Plenty has happened in the last year. There’s a raft of proposed amendments to the Employment Relations Act, some worthy of consideration, some well meaning but flawed, and some downright dangerous.
Like the Privacy of Parties to Proceedings Amendment Bill, which has horrendous implications if passed into law. We’ll explain in the coming weeks.
Meanwhile, lobbying for regulation of lay employment advocates has been stepped up as per this Newsroom report. As we are yet to see what regulation will look like, we’ll have an educated guess.
Statistically, most advocates’ clients are employees, and personal grievance claims usually end up in mediation. If all advocates are to be regulated, provided with Continuing Professional Development opportunities and bound by a code of conduct, that should make the most difference in the murkier, grittier areas of employment dispute resolution. How, then, should an advocate respond, when representing a client in mediation and confronted with the following:
An offer of a secret commission to throw the employee client under a bus
Threats to destroy the employee’s career, through blacklisting, if they don’t sign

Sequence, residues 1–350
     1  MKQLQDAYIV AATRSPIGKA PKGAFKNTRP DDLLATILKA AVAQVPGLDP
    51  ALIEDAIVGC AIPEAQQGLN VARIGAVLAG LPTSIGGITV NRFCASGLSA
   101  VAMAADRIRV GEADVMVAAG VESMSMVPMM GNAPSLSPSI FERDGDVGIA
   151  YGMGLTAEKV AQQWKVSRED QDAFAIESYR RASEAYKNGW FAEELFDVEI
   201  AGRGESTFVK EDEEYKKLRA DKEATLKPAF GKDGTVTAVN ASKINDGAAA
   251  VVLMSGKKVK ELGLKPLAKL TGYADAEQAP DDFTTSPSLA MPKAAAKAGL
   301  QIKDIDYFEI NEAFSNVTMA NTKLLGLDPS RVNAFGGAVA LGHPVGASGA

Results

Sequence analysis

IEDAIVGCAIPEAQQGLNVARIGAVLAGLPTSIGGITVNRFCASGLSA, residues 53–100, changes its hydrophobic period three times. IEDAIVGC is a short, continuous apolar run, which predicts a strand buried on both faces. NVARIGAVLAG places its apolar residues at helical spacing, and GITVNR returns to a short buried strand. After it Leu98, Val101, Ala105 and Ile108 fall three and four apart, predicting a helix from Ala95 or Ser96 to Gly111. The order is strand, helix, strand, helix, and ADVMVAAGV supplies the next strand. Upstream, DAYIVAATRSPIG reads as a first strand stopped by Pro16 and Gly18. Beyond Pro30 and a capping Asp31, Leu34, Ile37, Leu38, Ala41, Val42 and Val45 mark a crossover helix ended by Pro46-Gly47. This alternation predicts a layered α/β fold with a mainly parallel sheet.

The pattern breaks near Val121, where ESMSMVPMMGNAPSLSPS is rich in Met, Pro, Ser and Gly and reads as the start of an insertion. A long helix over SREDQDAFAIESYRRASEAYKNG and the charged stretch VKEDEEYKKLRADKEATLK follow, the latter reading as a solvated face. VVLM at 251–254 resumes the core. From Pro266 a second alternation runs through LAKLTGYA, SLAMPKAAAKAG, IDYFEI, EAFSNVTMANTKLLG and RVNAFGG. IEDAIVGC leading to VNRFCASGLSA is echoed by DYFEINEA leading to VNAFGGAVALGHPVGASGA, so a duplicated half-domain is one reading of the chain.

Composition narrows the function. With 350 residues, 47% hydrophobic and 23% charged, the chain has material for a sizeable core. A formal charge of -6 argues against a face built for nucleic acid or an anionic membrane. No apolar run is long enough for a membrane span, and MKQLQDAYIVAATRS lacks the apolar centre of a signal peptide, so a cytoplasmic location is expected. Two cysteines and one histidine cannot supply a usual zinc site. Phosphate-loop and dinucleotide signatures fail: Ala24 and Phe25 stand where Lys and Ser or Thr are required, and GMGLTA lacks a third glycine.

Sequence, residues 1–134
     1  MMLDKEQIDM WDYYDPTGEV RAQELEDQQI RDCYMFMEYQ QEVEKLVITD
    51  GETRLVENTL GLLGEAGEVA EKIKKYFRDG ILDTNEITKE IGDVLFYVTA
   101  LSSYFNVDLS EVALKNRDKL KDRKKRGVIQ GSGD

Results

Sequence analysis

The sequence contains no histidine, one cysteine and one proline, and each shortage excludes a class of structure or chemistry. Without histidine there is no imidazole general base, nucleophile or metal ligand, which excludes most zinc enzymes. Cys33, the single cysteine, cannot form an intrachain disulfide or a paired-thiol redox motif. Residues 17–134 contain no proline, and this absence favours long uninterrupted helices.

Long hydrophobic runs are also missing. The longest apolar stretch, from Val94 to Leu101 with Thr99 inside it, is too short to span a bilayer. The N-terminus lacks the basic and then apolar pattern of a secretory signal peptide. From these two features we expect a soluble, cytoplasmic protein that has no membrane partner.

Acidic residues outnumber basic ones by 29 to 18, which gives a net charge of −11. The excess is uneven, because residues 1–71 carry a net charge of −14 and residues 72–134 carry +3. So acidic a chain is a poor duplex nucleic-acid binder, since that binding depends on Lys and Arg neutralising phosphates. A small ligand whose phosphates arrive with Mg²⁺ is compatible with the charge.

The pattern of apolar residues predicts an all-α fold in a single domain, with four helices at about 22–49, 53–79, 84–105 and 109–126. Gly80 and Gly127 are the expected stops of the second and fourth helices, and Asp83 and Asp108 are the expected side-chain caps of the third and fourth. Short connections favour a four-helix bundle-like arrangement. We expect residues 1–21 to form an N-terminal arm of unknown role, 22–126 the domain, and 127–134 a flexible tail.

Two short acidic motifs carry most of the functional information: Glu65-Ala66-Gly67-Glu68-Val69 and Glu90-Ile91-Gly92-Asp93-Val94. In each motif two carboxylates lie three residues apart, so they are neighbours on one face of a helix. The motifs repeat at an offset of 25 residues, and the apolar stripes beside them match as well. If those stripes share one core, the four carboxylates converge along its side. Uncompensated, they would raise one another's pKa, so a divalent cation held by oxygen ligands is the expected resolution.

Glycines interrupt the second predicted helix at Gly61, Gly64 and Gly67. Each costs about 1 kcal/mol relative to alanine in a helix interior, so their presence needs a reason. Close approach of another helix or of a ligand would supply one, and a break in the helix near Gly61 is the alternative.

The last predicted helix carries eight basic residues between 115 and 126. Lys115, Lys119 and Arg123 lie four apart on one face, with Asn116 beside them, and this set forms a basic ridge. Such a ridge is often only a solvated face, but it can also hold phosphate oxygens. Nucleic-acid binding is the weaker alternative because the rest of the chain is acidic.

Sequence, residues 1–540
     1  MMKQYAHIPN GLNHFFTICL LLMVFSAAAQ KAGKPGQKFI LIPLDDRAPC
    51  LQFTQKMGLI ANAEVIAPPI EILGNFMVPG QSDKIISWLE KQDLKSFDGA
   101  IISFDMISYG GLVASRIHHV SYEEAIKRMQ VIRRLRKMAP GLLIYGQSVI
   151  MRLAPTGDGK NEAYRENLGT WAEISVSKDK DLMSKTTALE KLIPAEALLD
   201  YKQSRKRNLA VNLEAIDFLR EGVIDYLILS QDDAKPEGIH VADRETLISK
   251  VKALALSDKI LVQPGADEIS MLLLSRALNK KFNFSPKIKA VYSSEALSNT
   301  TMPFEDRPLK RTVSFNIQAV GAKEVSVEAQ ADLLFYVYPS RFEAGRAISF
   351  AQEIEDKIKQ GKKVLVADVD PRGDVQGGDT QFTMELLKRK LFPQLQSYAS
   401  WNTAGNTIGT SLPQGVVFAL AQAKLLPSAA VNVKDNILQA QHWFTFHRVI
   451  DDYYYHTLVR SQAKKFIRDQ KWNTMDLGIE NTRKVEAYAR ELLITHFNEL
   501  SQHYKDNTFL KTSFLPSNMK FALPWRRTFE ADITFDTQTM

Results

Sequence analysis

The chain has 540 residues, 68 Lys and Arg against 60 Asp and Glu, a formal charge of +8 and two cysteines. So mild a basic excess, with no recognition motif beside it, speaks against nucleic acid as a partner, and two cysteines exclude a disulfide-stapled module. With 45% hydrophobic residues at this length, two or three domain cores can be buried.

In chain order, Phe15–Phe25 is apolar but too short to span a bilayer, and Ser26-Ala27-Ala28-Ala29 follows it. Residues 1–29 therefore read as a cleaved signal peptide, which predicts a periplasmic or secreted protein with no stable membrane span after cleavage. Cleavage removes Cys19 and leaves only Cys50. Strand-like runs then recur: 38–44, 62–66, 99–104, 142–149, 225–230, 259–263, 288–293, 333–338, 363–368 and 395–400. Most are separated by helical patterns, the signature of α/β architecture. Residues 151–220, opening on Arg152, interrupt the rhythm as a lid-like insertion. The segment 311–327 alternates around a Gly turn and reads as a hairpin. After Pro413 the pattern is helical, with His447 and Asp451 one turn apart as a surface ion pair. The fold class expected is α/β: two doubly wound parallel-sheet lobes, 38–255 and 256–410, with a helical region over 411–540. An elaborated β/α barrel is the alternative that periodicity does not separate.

A demand for a non-disclosure clause, including non-disclosure of the fact that there was a mediation, in situations where the employee is a whistleblower reporting serious wrongdoing under the Protected Disclosures Act
A demand for a non-disclosure clause that also binds the employer in such a way that serious wrongdoing is able to continue.
Blackmail, which is illegal, dressed up as simple duress, which is not illegal.
There are recidivists as in most industries, but a regulatory code of conduct if drafted right could empower advocates to terminate a mediation early if legal chicanery (or worse, as above) is encountered.
The Law Society are inviting submissions on regulation, not limited to employment law, with a deadline of 12 August. We are in discussions with the Teaching Council and the fraud investigation community about their views and submissions on the employment jurisdiction, especially in relation to Section 149 (mediation and NDAs).
Legal shenanigans with unexpected outcomes have received international media attention, although not we’re not quite into CNN or BBC territory yet. We occasionally see the wind change direction in courtrooms in a way that suggests that years of evangelising at employment law seminars is now being reversed in situations where media engagement would be inconvenient to one or both parties.
Interesting times. We hope the industry doesn’t mind if we hang around a bit longer...
Nga mihi nui
Acting leader, Leighton Associates